642,962 research outputs found

    Respiratory analysis system and method

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    A system is described for monitoring the respiratory process in which the gas flow rate and the frequency of respiration and expiration cycles can be determined on a real time basis. A face mask is provided with one-way inlet and outlet valves where the gas flow is through independent flowmeters and through a mass spectrometer. The opening and closing of a valve operates an electrical switch, and the combination of the two switches produces a low frequency electrical signal of the respiratory inhalation and exhalation cycles. During the time a switch is operated, the corresponsing flowmeter produces electric pulses representative of the flow rate; the electrical pulses being at a higher frequency than that of the breathing cycle and combined with the low frequency signal. The high frequency pulses are supplied to conventional analyzer computer which also receives temperature and pressure inputs and computes mass flow rate and totalized mass flow of gas. From the mass spectrometer, components of the gas are separately computed as to flow rate. The electrical switches cause operation of up-down inputs of a reversible counter. The respective up and down cycles can be individually monitored and combined for various respiratory measurements

    On the potential of using fractional-order systems to model the respiratory impedance

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    This contribution provides an analysis of the human respiratory system in frequency domain by means of estimating the respiratory impedance. Further on, analysis of several models for human respiratory impedance is done, leading to the conclusion that a fractional model gives a better description of the impedance than the classical theory of integer-order systems. A mathematical analysis follows, starting from the conclusions obtained heuristically. Correlation to the physiological characteristics of the respiratory system is discussed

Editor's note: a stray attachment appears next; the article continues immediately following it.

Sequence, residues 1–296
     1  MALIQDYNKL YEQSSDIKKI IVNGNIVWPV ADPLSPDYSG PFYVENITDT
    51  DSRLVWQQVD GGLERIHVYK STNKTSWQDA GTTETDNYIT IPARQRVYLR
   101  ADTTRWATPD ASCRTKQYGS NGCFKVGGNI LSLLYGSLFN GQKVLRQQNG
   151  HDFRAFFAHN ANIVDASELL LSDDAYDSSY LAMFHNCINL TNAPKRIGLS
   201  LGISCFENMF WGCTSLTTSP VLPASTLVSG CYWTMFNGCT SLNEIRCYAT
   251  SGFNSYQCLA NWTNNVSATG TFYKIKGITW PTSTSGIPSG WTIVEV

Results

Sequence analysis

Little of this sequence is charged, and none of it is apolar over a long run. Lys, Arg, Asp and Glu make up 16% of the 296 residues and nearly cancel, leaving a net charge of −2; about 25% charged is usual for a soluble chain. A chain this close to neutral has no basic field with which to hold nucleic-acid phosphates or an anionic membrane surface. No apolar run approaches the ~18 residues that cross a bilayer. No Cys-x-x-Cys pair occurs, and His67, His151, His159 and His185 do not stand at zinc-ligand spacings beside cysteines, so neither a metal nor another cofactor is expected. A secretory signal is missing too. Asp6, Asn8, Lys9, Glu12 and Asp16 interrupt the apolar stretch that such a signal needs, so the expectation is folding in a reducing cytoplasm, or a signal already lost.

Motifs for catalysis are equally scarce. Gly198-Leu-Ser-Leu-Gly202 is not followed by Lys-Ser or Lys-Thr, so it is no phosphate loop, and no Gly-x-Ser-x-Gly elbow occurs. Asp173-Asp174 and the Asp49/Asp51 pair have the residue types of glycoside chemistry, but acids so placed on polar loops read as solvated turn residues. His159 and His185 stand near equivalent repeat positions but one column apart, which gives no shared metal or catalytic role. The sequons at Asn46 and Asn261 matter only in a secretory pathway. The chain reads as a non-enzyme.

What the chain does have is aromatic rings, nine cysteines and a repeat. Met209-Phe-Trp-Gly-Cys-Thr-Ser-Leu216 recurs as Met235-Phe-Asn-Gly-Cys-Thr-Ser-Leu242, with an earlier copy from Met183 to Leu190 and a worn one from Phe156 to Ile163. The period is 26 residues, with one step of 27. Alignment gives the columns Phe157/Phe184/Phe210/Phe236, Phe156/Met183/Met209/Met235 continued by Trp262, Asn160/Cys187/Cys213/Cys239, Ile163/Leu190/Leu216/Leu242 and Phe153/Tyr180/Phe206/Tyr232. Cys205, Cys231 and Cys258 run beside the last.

Evaluation of exercise-respiratory system modifications and preliminary respiratory-circulatory system integration scheme

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    The respiratory control system, functioning as an independent system, is presented with modifications of the exercise subroutine. These modifications illustrate an improved control of ventilation rates and arterial and compartmental gas tensions. A very elementary approach to describing the interactions of the respiratory and circulatory system is presented

    Alternative NAD(P)H dehydrogenase and alternative oxidase: proposed physiological roles in animals

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    The electron transport systems in mitochondria of many organisms contain alternative respiratory enzymes distinct from those of the canonical respiratory system depicted in textbooks. Two of these enzymes, the alternative NADH dehydrogenase and the alternative oxidase, were of interest to a limited circle of researchers until they were envisioned as gene therapy tools for mitochondrial disease treatment. Recently, these enzymes were discovered in several animals. Here, we analyse the functioning of alternative NADH dehydrogenases and oxidases in different organisms. We propose that both enzymes ensure bioenergetic and metabolic flexibility during environmental transitions or other conditions which may compromise the operation of the canonical respiratory system. The electron transport systems in mitochondria of many organisms contain alternative respiratory enzymes distinct from those of the canonical respiratory system depicted in textbooks. Two of these enzymes, the alternative NADH dehydrogenase and the alternative oxidase, were of interest to a limited circle of researchers until they were envisioned as gene therapy tools for mitochondrial disease treatment. Recently, these enzymes were discovered in several animals. Here, we analyse the functioning of alternative NADH dehydrogenases and oxidases in different organisms. We propose that both enzymes ensure bioenergetic and metabolic flexibility during environmental transitions or other conditions which may compromise the operation of the canonical respiratory system

    Optimization techniques in respiratory control system models